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November 20, 2018

Fantastical Beast and Where to Find Them (2016) --- “From J.K. Rowling's Wizarding World, Explore A New Era Of The Wizarding World Before Harry Potter.”

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Hello, Movie Buffs!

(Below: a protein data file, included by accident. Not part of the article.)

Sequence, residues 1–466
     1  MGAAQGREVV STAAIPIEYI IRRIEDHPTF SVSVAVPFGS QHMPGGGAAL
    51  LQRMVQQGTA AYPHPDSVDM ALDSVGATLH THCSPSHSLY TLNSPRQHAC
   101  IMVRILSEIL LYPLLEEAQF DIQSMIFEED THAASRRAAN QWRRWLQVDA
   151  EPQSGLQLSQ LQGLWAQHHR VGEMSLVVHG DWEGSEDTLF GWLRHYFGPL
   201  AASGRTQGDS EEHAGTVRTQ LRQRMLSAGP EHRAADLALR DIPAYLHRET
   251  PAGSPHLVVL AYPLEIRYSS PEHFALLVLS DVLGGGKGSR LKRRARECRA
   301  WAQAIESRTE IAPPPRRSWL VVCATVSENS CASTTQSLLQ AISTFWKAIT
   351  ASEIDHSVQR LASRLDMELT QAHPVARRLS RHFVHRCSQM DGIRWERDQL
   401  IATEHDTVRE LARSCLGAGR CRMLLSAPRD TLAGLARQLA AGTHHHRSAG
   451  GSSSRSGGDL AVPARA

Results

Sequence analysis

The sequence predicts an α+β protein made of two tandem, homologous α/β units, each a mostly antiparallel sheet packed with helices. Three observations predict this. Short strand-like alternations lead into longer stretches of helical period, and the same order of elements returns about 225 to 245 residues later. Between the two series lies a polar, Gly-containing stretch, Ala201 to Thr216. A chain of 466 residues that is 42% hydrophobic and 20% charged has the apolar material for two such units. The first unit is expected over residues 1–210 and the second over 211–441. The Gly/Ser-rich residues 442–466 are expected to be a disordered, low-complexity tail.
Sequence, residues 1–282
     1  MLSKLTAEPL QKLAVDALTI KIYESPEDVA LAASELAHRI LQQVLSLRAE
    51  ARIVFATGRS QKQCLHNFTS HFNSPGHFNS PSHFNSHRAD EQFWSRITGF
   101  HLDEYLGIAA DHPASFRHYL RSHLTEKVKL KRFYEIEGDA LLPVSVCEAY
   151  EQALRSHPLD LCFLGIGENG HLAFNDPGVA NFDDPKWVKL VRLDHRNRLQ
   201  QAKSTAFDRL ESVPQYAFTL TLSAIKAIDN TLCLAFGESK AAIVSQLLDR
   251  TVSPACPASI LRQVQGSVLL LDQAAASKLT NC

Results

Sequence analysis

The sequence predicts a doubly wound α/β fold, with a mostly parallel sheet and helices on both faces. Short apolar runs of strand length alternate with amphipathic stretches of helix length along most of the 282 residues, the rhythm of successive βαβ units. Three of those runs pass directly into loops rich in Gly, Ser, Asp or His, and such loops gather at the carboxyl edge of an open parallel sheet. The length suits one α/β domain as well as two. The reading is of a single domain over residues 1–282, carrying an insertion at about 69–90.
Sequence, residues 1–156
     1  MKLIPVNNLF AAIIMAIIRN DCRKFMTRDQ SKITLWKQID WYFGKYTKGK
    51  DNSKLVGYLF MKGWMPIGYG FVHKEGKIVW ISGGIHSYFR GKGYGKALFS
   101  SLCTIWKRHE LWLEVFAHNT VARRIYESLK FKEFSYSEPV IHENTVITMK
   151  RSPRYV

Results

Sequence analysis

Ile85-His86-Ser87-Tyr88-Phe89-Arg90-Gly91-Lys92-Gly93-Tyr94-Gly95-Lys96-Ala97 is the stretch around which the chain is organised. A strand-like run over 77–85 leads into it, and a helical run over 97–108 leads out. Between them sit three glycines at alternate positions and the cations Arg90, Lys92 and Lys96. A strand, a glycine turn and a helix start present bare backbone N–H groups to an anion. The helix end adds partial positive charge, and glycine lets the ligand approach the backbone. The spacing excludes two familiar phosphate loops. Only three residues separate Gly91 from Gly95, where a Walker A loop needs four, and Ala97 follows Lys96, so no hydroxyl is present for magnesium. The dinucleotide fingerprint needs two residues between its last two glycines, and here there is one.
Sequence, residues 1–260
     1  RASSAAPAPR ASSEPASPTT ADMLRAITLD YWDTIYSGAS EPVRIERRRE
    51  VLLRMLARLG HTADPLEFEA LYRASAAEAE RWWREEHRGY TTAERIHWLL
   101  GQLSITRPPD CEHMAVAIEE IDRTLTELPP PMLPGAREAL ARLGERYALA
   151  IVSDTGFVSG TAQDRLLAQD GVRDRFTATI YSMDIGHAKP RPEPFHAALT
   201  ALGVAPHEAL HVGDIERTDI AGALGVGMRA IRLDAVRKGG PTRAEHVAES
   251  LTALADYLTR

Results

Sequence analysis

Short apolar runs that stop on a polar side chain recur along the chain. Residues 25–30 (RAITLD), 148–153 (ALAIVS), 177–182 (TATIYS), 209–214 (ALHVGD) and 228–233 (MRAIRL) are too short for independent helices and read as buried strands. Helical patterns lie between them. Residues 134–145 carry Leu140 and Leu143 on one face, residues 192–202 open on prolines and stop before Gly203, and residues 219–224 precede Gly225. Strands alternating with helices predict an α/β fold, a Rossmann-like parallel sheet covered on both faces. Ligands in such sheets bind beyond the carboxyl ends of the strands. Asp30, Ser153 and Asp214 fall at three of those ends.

Once again Director David Yates returns along author J.K. Rowling as the writer to helm Fantastic Beast and Where to Find Them (2016), the first film in the much anticipated multi-part film series that is pre-Harry Potter. The film takes place in 1926 New York and follows British wizard Newt Scamander (Eddie Redmayne), a magizoologist and writer who collects and preserves fantastic beasts in order to educate wizards and prevent their extinction. After a few mishaps, Newt finds himself on an unplanned adventure amidst the supernatural occurrences plaguing the New York City, as well as finds himself at odds with a Mr. Graves (Colin Farrell). In an effort to save New York City and its inhabitants, Newt allies himself with Tina (Katherine Waterston) an Auror, her sister Queenie (Alison Sudol) a Legilimens, and Jacob Kowalski (Dan Fogler) a No-Magi/Muggle.  Will they succeed in time? Or will darkness and hate win?